Mindfulness is becoming a very common word, but what is it? Psychology Today tells us that it is “a state of active, open attention on the present. When you’re mindful, you observe your thoughts and feelings from a distance, without judging them good or bad. Instead of letting your life pass you by, mindfulness means living in the moment and awakening to experience.”
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Research is attributing a whole host of benefits that result from the regular practice of mindfulness, including stress relief, lower blood pressure, reduction of chronic pain, better sleep, fewer eating disorders and less substance abuse, for starters! There are many reasons that you may want to consider adding a mindfulness practice to your daily routine.
Meditation also can increase your happiness set-point, as Shauna Shapiro shares with us in this short video. Shauna Shapiro is an internationally recognized expert in mindfulness and an Associate Professor of Psychology at Santa Clara University. She is also a co-author of the book, along with Linda E. Carlson, The Art and Science of Mindfulness: Integrating Mindfulness into Psychology and the Helping Professions.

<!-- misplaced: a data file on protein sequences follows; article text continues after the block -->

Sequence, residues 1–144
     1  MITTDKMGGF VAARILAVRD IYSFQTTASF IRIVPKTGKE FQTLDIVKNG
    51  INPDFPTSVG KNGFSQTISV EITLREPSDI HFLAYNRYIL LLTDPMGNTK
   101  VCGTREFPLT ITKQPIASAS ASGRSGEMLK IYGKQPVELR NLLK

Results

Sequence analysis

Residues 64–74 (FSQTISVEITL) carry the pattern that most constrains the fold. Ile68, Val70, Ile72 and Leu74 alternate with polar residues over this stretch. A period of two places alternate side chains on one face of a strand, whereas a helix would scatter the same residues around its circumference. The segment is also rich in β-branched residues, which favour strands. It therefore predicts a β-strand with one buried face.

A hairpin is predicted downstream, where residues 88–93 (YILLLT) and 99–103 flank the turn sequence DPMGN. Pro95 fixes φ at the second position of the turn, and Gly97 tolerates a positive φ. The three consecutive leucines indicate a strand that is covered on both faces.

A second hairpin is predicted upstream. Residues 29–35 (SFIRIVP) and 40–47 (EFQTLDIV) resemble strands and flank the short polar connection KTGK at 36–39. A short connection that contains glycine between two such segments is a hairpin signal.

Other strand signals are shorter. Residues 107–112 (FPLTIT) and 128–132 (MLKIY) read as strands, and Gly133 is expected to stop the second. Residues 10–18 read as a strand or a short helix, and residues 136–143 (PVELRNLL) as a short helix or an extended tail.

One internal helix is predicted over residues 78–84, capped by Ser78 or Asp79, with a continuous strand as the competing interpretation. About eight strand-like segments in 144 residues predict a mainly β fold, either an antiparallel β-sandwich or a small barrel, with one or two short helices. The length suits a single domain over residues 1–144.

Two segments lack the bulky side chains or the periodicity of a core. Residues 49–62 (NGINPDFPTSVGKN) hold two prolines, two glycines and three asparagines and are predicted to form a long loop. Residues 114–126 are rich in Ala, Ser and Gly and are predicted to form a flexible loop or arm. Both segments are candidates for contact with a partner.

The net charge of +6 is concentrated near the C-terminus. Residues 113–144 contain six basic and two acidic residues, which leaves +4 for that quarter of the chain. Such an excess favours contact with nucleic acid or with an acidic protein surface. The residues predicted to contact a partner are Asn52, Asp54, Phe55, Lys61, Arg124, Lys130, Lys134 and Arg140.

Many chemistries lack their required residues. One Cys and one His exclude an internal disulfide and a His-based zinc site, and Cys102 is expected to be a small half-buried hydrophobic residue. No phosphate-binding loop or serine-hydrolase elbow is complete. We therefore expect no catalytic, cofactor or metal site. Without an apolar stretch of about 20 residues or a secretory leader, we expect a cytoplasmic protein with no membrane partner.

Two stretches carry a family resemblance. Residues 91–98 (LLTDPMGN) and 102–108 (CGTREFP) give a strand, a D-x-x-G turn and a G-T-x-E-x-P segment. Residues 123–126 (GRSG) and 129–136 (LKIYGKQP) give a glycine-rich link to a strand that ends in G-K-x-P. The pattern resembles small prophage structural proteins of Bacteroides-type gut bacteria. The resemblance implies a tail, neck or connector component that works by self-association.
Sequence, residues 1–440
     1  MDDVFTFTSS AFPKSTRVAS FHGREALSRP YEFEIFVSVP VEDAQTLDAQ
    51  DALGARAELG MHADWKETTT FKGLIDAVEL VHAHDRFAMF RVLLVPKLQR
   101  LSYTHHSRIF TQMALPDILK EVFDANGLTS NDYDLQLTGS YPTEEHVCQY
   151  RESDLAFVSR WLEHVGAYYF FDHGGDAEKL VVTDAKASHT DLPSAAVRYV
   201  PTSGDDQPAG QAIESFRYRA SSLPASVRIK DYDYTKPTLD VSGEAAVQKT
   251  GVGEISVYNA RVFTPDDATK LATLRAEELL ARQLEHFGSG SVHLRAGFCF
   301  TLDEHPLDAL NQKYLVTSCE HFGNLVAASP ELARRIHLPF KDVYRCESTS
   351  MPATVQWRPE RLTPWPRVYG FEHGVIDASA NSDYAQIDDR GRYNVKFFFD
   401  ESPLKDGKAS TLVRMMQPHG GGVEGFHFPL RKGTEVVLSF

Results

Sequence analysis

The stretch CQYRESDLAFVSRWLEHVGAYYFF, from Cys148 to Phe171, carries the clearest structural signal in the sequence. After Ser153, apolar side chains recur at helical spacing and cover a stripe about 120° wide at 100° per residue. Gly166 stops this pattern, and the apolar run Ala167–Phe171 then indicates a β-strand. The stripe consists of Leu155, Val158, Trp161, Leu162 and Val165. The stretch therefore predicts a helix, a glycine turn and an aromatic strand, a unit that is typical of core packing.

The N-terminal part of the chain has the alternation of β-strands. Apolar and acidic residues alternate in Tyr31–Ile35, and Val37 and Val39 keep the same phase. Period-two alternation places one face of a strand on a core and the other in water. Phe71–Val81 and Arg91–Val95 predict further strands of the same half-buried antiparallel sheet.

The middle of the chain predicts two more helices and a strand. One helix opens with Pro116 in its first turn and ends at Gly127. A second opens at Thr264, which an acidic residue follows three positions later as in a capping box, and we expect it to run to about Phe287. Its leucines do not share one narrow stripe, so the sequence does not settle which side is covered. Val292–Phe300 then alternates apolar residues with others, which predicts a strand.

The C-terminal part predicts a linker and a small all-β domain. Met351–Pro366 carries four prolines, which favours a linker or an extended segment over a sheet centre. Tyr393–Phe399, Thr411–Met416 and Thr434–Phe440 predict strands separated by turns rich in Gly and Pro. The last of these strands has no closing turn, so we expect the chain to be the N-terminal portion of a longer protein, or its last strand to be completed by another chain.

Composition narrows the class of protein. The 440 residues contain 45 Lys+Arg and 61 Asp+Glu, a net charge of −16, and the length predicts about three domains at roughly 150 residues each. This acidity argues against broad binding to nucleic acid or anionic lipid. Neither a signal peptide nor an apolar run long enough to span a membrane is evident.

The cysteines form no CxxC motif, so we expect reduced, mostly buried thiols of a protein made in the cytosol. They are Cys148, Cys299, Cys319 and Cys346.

So the regular practice of mindfulness can change your brain in a positive way! As Shauna tells us above:
Although changing exterior circumstances does not change our “set” levels of happiness, changing our interior landscape, through training the mind, can.
There is not “a way” to practice mindfulness. You can do a simple breathing meditation where you focus on your breathing and then move out to awareness of other sounds and sensations going on around you. You could perform a body scan, where you methodically move your attention up your body, pausing to notice sensations in each area as you move up.
These are just a couple of suggestions for getting started – there are many books available to help you learn how to begin practicing mindfulness, using different methods to focus your attention. Once you learn the skills of mindfulness, you can begin to bring them into other parts of your life as well. Mindfulness walking, for example, can be an entirely different experience than simply walking without awareness.
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